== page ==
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Yom Kippur: It’s a Matter of Life and Death

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Yom Kippur always leaves us ample time to ponder and reflect — not merely on the weighty matters of our misdeeds of the past year or our fate for the year ahead, but on the deeper and broader meaning of t’shuvah, of return and renewal.

Indeed, the prayers and poetry, literature and liturgy, of Yom Kippur are meant to disturb and cause discomfort. They summon us to take account of our own violations and take stock of what it means to be a person of character. They force us to meditate on our relationships to one another and on the relationship between the Jewish people and the society we inhabit — between our community’s values and their universal application and practice.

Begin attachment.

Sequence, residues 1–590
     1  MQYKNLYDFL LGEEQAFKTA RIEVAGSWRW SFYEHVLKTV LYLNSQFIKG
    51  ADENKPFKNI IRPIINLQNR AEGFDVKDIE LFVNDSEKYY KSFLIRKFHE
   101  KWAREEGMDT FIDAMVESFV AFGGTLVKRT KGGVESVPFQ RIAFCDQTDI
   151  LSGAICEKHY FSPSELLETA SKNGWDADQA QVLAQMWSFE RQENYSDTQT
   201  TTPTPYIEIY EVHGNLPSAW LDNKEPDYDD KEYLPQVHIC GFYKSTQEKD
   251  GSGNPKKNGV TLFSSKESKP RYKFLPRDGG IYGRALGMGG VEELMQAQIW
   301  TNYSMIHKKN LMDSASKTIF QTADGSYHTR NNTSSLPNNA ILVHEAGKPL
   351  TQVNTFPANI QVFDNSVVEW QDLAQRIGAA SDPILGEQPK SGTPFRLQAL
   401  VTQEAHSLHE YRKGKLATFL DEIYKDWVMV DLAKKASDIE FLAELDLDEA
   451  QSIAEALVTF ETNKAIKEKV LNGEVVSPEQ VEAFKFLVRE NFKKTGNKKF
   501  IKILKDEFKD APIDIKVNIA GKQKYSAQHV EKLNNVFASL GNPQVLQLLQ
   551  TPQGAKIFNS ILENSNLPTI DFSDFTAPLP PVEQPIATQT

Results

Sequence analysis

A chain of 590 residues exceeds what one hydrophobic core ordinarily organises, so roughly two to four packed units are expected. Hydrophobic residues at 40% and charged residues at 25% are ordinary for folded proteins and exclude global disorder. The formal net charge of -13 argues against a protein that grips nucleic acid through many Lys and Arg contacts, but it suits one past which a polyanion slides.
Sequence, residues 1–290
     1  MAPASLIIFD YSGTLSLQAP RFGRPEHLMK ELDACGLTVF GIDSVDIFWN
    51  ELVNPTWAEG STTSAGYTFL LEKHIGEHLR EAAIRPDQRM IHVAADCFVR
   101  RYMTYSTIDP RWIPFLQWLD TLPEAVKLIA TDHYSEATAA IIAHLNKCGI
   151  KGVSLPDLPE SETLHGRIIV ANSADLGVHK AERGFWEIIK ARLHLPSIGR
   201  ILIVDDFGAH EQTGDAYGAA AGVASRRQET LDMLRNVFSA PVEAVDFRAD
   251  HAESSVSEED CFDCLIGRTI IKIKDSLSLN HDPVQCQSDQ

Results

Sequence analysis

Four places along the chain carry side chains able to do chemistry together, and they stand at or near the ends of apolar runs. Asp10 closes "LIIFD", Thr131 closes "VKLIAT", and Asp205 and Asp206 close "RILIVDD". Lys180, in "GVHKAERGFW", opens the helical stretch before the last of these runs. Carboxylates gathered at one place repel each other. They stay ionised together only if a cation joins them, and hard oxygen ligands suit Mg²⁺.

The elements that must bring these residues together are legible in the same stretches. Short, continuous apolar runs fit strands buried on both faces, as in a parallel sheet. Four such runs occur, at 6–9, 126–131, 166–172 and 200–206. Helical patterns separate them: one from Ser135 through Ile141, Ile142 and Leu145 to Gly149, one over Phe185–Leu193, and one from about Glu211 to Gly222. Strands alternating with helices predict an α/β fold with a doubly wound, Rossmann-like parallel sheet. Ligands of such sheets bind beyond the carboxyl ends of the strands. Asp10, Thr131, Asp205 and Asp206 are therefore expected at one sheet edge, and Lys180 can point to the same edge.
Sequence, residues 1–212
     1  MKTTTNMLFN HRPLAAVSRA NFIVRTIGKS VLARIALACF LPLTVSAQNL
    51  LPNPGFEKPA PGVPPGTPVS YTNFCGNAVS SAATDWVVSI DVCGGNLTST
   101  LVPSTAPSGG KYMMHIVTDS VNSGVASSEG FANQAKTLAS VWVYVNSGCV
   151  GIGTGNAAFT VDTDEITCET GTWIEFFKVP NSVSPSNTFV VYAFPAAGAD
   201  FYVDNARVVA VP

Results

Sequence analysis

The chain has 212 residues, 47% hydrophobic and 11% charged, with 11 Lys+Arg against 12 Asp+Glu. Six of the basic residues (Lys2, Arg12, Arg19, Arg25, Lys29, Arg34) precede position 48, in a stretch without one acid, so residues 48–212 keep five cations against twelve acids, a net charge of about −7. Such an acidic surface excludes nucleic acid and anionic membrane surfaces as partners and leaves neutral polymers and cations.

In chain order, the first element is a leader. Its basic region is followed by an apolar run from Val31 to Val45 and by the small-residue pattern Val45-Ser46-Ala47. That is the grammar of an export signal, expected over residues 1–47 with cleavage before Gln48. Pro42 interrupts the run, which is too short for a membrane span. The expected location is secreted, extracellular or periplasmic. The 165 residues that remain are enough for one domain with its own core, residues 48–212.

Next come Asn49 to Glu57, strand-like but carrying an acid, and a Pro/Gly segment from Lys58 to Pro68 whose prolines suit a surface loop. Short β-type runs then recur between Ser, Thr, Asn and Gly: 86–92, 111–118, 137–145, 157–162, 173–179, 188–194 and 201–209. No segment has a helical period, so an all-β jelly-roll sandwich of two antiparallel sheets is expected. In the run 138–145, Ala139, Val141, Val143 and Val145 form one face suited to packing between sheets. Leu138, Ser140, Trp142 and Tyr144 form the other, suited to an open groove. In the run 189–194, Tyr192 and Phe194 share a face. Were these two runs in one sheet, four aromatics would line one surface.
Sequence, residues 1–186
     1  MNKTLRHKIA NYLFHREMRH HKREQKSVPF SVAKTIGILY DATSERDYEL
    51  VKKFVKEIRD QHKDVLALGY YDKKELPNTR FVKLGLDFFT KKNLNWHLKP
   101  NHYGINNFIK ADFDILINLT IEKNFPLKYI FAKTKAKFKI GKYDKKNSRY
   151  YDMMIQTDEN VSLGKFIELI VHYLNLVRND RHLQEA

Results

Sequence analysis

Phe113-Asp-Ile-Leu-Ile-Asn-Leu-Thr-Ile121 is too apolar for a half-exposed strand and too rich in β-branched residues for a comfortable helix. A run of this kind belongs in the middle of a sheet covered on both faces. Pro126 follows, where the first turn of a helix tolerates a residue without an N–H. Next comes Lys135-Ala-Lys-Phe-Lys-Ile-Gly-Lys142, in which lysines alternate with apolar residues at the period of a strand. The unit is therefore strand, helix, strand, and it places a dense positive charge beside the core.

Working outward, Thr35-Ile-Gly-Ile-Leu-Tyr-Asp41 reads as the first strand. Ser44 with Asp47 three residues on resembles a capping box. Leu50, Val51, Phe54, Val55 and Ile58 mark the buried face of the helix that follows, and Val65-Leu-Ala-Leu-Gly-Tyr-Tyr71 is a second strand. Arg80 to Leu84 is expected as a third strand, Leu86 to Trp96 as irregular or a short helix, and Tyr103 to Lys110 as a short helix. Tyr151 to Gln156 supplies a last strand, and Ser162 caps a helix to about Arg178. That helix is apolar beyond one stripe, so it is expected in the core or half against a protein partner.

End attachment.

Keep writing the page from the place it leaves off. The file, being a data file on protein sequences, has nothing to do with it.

If we’re being honest, this is by design: there’s an inherent tension built into Yom Kippur. In the morning, our t’filah is focused on the highly ritualized Temple service, the traditions of sacrifice and purification. Yet we approach it having heard the call of Isaiah, who proclaimed that ritual on its own is insufficient, that religious devotion means little unless it is rooted in the pillars of ethical behavior and moral imagination, unless it is translated into action.

Then in the afternoon, we reach the mincha Torah reading that delineates prohibited sexual relationships, the purpose of which is maintaining the sanctity and integrity of the Jewish........

© The Times of Israel (Blogs)

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